U.K. retail sales rise 0.5% in April, rebounding from 1.2% drop in March


By Ed Frankl

U.K. retail sales rebounded more than expected on month in April, recovering from a rain-hit March that affected non-food sales, with easing energy prices also lifting some of the pressure on household spending.

Retail-sales volumes ticked up 0.5% on month, compared with a downwardly revised fall of 1.2% in March, data from the Office for National Statistics showed Friday.

The figure is a little stronger than the 0.3% rise expected by economists polled by The Wall Street Journal.

Sales volumes rose 0.8% in the three months to April compared with the previous three months, the highest rate since August 2021, the ONS said.

Non-food stores’ sales volumes rose by 1.0% in April, rebounding as poor weather conditions throughout March affected trading, the ONS said.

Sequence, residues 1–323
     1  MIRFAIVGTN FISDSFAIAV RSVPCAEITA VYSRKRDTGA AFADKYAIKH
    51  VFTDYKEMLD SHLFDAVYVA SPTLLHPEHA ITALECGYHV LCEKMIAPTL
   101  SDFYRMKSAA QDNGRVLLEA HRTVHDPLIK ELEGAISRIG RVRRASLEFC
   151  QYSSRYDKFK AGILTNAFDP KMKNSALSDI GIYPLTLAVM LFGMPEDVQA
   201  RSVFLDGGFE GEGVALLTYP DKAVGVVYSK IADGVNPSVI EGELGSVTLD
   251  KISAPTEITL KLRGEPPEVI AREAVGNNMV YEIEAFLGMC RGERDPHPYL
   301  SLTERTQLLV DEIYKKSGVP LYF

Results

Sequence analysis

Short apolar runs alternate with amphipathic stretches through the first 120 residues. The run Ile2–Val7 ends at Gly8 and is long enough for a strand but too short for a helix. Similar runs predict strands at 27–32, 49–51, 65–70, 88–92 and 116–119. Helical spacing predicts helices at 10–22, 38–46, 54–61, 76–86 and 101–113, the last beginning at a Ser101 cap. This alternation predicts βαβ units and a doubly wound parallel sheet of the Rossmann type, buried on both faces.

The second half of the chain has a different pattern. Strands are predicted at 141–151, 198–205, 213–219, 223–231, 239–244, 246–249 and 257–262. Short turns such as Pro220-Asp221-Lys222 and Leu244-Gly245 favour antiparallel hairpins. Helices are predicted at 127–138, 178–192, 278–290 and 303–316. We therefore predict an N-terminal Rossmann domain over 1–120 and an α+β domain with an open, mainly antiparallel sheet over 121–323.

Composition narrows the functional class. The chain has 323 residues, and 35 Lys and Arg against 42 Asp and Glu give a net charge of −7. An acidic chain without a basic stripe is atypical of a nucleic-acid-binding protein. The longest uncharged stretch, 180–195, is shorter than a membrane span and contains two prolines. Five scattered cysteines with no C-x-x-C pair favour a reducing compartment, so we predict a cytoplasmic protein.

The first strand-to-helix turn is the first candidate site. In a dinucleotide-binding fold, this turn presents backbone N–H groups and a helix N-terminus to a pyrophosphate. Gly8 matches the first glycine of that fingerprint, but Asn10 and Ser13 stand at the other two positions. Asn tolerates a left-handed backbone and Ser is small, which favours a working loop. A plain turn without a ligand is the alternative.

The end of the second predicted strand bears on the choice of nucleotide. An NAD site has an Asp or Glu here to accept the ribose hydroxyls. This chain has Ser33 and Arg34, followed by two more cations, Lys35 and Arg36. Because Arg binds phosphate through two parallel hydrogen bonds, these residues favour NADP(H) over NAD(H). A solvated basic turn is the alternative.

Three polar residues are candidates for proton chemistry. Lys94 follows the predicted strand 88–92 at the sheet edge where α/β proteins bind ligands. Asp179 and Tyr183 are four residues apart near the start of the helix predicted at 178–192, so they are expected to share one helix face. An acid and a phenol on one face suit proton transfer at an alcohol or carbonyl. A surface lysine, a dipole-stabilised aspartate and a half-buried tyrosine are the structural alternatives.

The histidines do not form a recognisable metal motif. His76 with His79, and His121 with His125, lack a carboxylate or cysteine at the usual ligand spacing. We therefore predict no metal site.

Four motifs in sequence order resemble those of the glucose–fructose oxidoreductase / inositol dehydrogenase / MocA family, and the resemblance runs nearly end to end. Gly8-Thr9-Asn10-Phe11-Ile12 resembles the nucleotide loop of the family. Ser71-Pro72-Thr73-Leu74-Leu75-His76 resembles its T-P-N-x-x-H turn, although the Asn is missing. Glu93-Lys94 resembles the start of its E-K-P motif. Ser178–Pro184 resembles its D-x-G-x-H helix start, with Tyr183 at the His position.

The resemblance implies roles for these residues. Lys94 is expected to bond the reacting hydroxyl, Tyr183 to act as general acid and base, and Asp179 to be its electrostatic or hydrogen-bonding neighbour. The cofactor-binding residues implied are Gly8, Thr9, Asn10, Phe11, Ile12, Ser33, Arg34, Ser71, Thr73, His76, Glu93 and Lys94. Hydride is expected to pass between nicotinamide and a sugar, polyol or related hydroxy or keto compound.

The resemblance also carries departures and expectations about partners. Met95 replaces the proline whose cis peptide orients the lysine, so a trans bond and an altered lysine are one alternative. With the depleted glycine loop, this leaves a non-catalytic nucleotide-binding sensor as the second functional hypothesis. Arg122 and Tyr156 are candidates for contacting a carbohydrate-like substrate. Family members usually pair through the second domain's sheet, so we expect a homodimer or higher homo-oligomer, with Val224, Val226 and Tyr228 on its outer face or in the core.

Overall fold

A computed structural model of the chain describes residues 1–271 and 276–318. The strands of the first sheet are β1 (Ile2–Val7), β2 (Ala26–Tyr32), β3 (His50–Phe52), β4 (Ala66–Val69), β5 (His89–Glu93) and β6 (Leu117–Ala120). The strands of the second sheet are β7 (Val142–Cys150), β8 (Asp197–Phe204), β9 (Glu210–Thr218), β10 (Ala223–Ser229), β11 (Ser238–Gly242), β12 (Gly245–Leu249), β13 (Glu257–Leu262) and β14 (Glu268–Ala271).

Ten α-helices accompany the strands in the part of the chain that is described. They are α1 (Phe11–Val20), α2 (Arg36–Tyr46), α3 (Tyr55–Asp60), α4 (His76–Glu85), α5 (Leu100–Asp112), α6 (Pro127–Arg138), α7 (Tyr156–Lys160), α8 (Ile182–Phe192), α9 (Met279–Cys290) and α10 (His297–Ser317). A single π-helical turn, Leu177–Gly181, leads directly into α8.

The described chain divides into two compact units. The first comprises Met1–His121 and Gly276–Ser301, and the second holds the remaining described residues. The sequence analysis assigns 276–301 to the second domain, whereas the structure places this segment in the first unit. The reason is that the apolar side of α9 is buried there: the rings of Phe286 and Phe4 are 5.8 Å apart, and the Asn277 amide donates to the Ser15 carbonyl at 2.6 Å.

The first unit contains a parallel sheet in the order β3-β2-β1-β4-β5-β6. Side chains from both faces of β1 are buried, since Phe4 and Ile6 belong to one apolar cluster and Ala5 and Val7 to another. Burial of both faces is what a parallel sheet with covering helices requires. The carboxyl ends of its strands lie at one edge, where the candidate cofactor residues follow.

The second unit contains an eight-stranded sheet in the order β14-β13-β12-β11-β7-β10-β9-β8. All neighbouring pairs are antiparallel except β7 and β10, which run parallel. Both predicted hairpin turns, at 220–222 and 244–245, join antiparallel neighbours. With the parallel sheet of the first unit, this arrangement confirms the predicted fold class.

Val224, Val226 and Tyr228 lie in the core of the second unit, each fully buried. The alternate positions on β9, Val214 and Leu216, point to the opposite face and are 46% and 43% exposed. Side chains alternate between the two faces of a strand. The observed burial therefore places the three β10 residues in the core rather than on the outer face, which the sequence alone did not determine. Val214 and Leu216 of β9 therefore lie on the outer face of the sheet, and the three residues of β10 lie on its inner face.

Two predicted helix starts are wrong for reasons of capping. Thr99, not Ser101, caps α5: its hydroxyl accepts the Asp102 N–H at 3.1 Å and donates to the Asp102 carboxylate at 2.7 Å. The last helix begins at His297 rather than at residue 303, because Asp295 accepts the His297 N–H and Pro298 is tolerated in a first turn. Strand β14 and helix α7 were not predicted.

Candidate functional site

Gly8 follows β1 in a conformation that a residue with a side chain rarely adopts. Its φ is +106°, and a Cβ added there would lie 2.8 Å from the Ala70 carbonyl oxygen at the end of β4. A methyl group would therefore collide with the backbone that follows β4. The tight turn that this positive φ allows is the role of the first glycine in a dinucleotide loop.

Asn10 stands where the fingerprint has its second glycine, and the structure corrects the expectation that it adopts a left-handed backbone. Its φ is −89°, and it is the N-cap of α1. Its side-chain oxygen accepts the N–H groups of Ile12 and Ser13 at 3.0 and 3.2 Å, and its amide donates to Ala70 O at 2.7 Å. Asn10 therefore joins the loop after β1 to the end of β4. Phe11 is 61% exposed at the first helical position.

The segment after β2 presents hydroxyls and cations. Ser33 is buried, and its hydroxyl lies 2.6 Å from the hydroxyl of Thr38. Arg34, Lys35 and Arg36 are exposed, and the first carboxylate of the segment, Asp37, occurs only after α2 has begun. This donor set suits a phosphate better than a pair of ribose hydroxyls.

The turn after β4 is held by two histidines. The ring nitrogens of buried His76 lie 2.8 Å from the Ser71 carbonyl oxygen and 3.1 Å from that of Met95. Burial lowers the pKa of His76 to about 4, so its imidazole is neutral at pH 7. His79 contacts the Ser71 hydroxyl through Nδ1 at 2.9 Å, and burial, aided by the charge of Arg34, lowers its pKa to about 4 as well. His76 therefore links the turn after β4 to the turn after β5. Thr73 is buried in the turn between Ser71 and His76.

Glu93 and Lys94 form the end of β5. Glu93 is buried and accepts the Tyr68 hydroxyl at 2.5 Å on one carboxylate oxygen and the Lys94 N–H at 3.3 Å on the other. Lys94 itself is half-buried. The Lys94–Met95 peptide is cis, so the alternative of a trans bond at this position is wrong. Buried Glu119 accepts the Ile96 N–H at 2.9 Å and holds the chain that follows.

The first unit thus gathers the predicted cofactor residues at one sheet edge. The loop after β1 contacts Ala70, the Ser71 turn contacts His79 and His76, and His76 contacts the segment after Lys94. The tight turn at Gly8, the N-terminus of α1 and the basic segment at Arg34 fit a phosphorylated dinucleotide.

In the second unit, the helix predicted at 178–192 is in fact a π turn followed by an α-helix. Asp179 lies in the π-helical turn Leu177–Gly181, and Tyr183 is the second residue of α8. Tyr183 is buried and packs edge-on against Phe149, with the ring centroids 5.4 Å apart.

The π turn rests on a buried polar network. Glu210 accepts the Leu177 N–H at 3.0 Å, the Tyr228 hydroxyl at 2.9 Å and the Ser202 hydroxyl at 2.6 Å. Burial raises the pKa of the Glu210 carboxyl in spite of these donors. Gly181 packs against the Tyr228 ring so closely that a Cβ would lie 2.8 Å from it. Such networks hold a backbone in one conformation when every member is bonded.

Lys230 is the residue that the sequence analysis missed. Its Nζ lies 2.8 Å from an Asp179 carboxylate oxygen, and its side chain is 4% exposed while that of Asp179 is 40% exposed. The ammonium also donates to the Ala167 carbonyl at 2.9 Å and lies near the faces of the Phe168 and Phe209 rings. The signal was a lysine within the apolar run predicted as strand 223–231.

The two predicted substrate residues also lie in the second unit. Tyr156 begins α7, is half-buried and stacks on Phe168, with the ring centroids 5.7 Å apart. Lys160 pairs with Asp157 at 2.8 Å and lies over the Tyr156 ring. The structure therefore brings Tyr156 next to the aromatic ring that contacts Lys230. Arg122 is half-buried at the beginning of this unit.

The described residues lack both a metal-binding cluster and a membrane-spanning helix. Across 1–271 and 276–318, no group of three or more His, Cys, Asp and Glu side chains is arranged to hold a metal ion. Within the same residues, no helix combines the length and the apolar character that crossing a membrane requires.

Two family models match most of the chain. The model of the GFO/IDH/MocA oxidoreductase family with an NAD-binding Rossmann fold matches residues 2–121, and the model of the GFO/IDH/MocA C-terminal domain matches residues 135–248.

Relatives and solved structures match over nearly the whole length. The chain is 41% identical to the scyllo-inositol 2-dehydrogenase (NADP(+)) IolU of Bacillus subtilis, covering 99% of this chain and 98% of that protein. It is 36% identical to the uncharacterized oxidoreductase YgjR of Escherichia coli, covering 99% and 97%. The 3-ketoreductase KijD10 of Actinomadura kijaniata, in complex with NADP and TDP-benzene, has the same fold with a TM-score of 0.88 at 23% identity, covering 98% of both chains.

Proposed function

Sales volumes at food stores rose by 0.7% on month, following a fall of 0.8% in March, suggesting some cost-of-living pressures could be lifting. However, food sales were still 2.7% below their precoronavirus levels in February 2020, according to the ONS.

High inflation is still expected to take a toll on consumers. Overall inflation was 8.7% in April, easing from March but nevertheless driven by food inflation at 19.3%.

Meanwhile, fuel sales dipped by 2.2% in April, the ONS said, affected by strikes, which restricted travel in the month.

Write to Ed Frankl at edward.frankl@wsj.com


This article was originally published by Marketwatch.com. Read the original article here.

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